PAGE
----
Feeling Lighter: How Being Gay No Longer Consumes My Life

Being Gay No Longer Consumers My Life | Now What Photo Courtesy Of

I haven’t written in a while because I haven’t learned any lessons lately. I’ve been waiting for something to happen to me, but there have been no crazy new experiences to reflect upon and no big events that have spurred any major realization. I haven’t been on many dates because I’ve been having too much start-of-summer fun with friends, and I really haven’t spent much time thinking about my sexuality at all. So I’ve been waiting.

The more I’ve waited, though, the more I’ve begun to appreciate the lack of “experiences” happening in my life. Coming out, as I’ve written, has been exhausting, and over the past few weeks I have realized that the massive fear, exhilaration, and chaos of it all have finally calmed down.

I have stopped thinking about my identity as a gay person as this huge cloud of confusion and newness following me everywhere I go. In fact, in many ways I have stopped thinking about my identity as a gay person at all. I have begun to think only about my holistic identity—the kind of human being I want to be, the kind of job I want to have, the places I want to travel, and yes, the kind of girl I want to love.

Now, however, when I think about this faceless girl I’ll someday spend my life with, the fact that she is a girl does not feel heavy or noteworthy to me. It feels normal and natural. Now when people I don’t know well bring up dating in front of me, my heart doesn’t start to race. Sometimes I am even the one to bring it up. I am no longer afraid to casually say “she” when referring to a girl I like in conversations, and I am no longer hesitant to chat with friends about my love life in the backseat of an Uber–what the driver might think no longer worries me.

It has been nice these past few weeks to see that, while I of course have so much more to learn, being gay has finally integrated with all the other pieces of my life. It isn’t this giant, abstract concept anymore. It isn’t this ‘thing’ that I’m stuck with that frustrates me and makes me want to hide. It is just me, well, a part of me, and I have grown to appreciate the exquisite monotony to which my life has finally returned.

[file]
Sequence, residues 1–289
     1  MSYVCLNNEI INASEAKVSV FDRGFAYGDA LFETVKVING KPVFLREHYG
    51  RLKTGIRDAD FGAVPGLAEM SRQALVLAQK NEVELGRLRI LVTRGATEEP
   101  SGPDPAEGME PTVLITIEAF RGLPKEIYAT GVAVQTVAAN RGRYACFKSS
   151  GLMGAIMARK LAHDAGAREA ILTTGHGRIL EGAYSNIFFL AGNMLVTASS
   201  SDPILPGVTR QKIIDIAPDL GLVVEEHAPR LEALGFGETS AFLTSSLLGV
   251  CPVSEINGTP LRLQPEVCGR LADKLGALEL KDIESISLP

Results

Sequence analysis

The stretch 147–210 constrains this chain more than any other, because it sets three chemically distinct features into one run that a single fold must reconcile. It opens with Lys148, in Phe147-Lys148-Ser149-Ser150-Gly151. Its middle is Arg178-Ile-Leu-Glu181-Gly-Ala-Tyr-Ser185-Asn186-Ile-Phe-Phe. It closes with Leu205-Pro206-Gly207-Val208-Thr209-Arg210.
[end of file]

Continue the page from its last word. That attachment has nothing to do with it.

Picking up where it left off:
I am so proud and happy to be gay, and I am so lucky to live surrounded by people who are much more concerned with who I am than who I date. I am so excited for all of the adventures still to come, and I know there will be a lot more lessons to write about on this blog. But I do think that overall, they are morphing into life lessons that have far less to do with being gay and far more to do with being human. After almost one year, being out no longer feels amazingly exciting or intensely distressing or like a gigantic relief. It’s just life now, just ordinary, and I never thought I could be so happy for the initial thrill of something to fade away.

It turns out that not learning lessons has helped me learn one of the most important lessons that I can, which is that I am so much more than my sexuality. Being gay does not have to consume my life all the time, just as being straight wouldn’t have to either. I needed this year to get comfortable with all of it. I needed it to consume my life for a little while because not letting myself think about it was what kept me in the closet for so long in the first place. For a little while, I needed to think about it all the time to figure out when I need to be thinking about it and when I don’t, and now that I’ve begun to understand, everything just feels a little lighter.

Enter your email address to follow this blog and receive notifications of new posts by email.

Join 1,693 other followers

Now What?

On Coming Out At 23...And Trying To Figure Out What The Hell To Do Next

Alison Doherty

Future YA Author and Aspiring Adult


The Everyday Girl

The Grated

a place for stories.


Together we can make the world a more positive one


 surmising with aplomb and nary remorse

Ministry of Homosexual Affairs

Promoting the Gay Agenda

London and The World's Cities: New York, Montreal, Brussels, Toronto, Sydney, Rio de Janeiro....


low-dose testosterone and janitorial discourses

The Lala Salama Project

Helping Keep Mount Kenya's Rangers Safe

The Lesbrary

The humble quest to read everything lesbian: a lesbian book blog.

The Guyliner

Dating stories, relationships, LGBTQ stuff and the terrifying awkwardness of being alive in the 21st century

Author, ranter, dad

Our Family Matters

A mom in Buffalo. A gay son in Seattle. Mapping the distance in-between.


Advice and opinions from a teenage transguy.

E J Rosetta

LGBT Columnist, Coffee Addict & Commitmentphobe.

%d bloggers like this: